For my 2c sending it out for cleaning and collimation (if needed) would be worthwhile.   Regardless of whether the coatings have been etched, which I think is *much* less frequent than posts here lead us to think, the scope will be much better for having been cleaned and tuned.  

 

Greg N


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#14 Bomber Bob

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Posted 20 October 2019 - 02:49 PM

That looks very similar to cement failure that I've seen, both personally and in other CN posts.

 

Yep.  I've seen it before with the old lenses I work with.  If that's all that's wrong with this lens, I wouldn't worry about it -- especially for a scope that's not used for 10 years at a pop.


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#15 Spikey131

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Posted 20 October 2019 - 07:26 PM

I don't know what is on you lenses, but it does not look like fungus.

 

Fungus looks like this:

 

 

Attached Thumbnails

  • IMG_0256.jpeg

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#16 Spikey131

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Posted 20 October 2019 - 07:27 PM

By the way, that cleaned off completely, leaving no residue or damage to the coatings or lenses of any kind.

 

I agree with sending this scope to Stellarvue for cleaning and see what they say.  Don't assume the worst.


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#17 kksmith

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Posted 21 October 2019 - 12:21 AM

Cement failure. I have seen this numerous times before in vintage camera lenses. 

 

Ken


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#18 skycamper

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Posted 21 October 2019 - 02:30 AM

I've sent several scopes to SV and not always got lucky, best case scenario, $100 SV cleaning and collimation , you also pay shipping back and forth, from where I am in oregon to where they are in California , shipping with insurance $50 each way.  So that's $200 bucks.  Plus damage risk.....how much do you like this scope?    Hope you live close by at least.


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#19 Jon Isaacs

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Posted 21 October 2019 - 02:49 AM

This is an ED doublet so I think it's probably not cemented. But like Greg said:

 

"Why call experts when you can guess?"

 

Whether or not, the scope is sent to SV for repair, at least the OP find out more about the lens and what the possibilities are.

 

Jon


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#20 Olhado

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Posted 21 October 2019 - 08:03 AM

I've sent several scopes to SV and not always got lucky, best case scenario, $100 SV cleaning and collimation , you also pay shipping back and forth, from where I am in oregon to where they are in California , shipping with insurance $50 each way. So that's $200 bucks. Plus damage risk.....how much do you like this scope? Hope you live close by at least.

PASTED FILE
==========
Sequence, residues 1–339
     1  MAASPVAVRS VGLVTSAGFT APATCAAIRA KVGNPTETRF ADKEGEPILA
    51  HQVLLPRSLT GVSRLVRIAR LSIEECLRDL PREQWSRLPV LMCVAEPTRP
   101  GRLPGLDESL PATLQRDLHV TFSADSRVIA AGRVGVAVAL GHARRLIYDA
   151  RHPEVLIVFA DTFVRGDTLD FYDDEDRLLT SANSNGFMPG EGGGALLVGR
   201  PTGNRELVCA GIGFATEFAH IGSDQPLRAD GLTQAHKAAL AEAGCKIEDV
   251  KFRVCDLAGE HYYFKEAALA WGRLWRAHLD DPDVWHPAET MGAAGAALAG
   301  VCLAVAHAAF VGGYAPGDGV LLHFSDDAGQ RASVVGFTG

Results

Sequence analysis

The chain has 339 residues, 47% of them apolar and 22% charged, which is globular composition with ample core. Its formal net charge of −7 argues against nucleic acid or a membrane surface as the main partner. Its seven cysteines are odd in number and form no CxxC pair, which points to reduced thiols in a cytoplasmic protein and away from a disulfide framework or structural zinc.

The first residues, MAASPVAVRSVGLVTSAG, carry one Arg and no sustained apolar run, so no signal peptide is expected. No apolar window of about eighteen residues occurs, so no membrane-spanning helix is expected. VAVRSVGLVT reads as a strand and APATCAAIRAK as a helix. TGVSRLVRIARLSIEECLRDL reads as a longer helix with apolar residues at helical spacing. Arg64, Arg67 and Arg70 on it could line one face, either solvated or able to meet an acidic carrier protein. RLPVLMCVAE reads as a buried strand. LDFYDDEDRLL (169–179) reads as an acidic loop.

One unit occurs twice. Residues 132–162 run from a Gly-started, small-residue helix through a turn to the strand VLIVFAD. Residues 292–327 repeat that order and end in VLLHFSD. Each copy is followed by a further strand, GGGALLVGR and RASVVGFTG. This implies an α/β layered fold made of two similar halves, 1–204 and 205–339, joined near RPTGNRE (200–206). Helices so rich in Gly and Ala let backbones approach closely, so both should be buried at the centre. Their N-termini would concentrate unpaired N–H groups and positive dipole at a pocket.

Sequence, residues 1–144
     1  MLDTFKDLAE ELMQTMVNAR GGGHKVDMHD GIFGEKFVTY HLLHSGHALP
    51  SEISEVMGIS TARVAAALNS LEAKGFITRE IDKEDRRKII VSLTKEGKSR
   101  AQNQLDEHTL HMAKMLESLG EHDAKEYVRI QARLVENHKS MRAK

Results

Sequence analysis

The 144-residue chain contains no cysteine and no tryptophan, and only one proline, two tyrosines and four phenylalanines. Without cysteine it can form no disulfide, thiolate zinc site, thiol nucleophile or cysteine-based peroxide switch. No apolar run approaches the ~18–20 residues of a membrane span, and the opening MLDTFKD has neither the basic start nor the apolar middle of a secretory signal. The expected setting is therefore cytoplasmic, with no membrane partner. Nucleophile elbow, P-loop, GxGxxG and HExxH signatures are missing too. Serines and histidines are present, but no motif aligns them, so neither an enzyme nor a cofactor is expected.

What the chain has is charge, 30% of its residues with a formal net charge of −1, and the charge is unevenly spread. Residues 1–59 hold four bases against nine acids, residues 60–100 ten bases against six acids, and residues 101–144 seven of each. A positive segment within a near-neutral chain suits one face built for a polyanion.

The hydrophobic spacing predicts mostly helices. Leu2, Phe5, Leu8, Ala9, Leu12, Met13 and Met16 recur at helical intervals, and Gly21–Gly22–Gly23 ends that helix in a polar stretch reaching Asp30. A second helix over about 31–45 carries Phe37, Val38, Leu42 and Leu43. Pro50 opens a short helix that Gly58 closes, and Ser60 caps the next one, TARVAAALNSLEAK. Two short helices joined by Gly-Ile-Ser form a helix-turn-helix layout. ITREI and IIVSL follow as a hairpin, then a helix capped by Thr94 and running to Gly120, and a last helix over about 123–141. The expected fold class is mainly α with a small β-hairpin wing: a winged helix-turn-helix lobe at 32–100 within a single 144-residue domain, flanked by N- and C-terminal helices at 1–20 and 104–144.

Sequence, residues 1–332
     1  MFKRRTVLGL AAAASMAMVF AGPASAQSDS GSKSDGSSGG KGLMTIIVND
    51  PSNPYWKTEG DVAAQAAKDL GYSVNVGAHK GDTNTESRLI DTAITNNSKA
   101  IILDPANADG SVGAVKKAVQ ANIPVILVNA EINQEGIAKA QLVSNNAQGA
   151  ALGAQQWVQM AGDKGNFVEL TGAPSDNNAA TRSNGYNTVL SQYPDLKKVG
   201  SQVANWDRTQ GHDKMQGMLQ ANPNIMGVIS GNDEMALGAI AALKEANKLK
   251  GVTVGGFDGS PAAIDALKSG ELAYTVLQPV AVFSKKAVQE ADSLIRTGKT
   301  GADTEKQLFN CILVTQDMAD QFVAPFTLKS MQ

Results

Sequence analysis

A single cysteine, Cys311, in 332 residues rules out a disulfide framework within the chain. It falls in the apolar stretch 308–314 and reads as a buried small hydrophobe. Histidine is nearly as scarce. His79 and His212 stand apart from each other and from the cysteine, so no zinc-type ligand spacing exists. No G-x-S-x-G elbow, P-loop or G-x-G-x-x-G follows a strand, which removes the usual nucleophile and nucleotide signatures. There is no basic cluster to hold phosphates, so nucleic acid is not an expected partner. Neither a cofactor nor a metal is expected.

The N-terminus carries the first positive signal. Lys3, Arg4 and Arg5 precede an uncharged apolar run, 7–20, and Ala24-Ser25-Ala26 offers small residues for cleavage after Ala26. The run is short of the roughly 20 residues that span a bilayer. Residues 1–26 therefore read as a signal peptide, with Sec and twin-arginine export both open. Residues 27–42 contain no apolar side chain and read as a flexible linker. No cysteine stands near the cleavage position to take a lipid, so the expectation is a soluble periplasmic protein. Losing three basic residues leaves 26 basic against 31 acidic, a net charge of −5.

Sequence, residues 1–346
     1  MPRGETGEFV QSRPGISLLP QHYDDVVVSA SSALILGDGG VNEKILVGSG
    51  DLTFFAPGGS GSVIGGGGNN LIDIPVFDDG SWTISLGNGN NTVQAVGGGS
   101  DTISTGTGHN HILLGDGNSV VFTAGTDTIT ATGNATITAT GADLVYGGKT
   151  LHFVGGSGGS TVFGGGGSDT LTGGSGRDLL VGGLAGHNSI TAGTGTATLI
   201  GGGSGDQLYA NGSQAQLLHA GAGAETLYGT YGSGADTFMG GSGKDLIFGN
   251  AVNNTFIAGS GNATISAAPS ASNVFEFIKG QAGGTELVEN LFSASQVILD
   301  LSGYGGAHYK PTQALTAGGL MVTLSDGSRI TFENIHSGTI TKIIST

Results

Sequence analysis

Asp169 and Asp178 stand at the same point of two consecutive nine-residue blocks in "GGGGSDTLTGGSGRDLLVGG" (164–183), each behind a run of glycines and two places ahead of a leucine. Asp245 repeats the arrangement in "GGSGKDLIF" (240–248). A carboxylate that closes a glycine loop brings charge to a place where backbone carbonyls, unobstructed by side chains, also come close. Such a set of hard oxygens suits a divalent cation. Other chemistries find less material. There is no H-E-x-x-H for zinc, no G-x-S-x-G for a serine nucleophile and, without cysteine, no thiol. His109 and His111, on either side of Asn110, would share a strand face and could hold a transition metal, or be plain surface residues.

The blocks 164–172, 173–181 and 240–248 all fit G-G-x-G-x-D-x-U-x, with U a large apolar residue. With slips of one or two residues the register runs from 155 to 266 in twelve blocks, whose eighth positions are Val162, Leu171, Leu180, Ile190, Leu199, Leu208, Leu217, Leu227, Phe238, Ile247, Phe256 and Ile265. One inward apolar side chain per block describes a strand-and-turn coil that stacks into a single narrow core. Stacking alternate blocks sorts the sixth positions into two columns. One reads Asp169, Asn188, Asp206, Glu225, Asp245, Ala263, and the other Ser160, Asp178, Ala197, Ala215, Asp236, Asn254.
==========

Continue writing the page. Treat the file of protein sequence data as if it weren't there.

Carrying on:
So I am across the country from CA (New England). I am going to call them up today at lunch (they should be open by then).

As an additional note, that snowflake-like thing is something I DID find, but on the outside ring. :( so that is at least part of the problem.

That said, does SV hold no liability with the scope repairs? It’s my only one, and I likely don’t have the cash for a new one anytime soon. While it’s been ten years since last light, now that the kids are older, I expect the pull it out more.

Will SV confirm if they think it can be fixed/improved before doing the work, after they have received it?

Also, what is the best way to ship the scope to them?

#21 Jon Isaacs

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Posted 21 October 2019 - 08:49 AM

Hi:

 

My recommendation:

 

Call them and make sure you ask them if is a cemented doublet or an air spaced doublet. If it's air spaced, then it's easier to deal with and a CN member in the New England area could very likely help you clean it. 

 

Knowing what the scope is, that's the place to start.

 

Jon


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#22 Paul G

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Posted 21 October 2019 - 08:53 AM

So I am across the country from CA (New England). I am going to call them up today at lunch (they should be open by then).

As an additional note, that snowflake-like thing is something I DID find, but on the outside ring. frown.gif so that is at least part of the problem.

That said, does SV hold no liability with the scope repairs? It’s my only one, and I likely don’t have the cash for a new one anytime soon. While it’s been ten years since last light, now that the kids are older, I expect the pull it out more.

Will SV confirm if they think it can be fixed/improved before doing the work, after they have received it?

Also, what is the best way to ship the scope to them?

All good questions...for SV.


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#23 Spikey131

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Posted 21 October 2019 - 09:16 AM

You can probably even email them your photos.


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#24 KerryR

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Posted 21 October 2019 - 09:34 AM

THIS article, here on CN, says the objective is air-spaced... so, if that's correct, this isn't cement failure, so that's good. I bet whatever's going on will respond well to cleaning.


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#25 Bomber Bob

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Posted 21 October 2019 - 10:56 AM

THIS article, here on CN, says the objective is air-spaced... so, if that's correct, this isn't cement failure, so that's good. I bet whatever's going on will respond well to cleaning.

If it's an air-spaced ED, I'd clean it myself; and, while I had it apart, I'd figure out what is seeping in at the gap!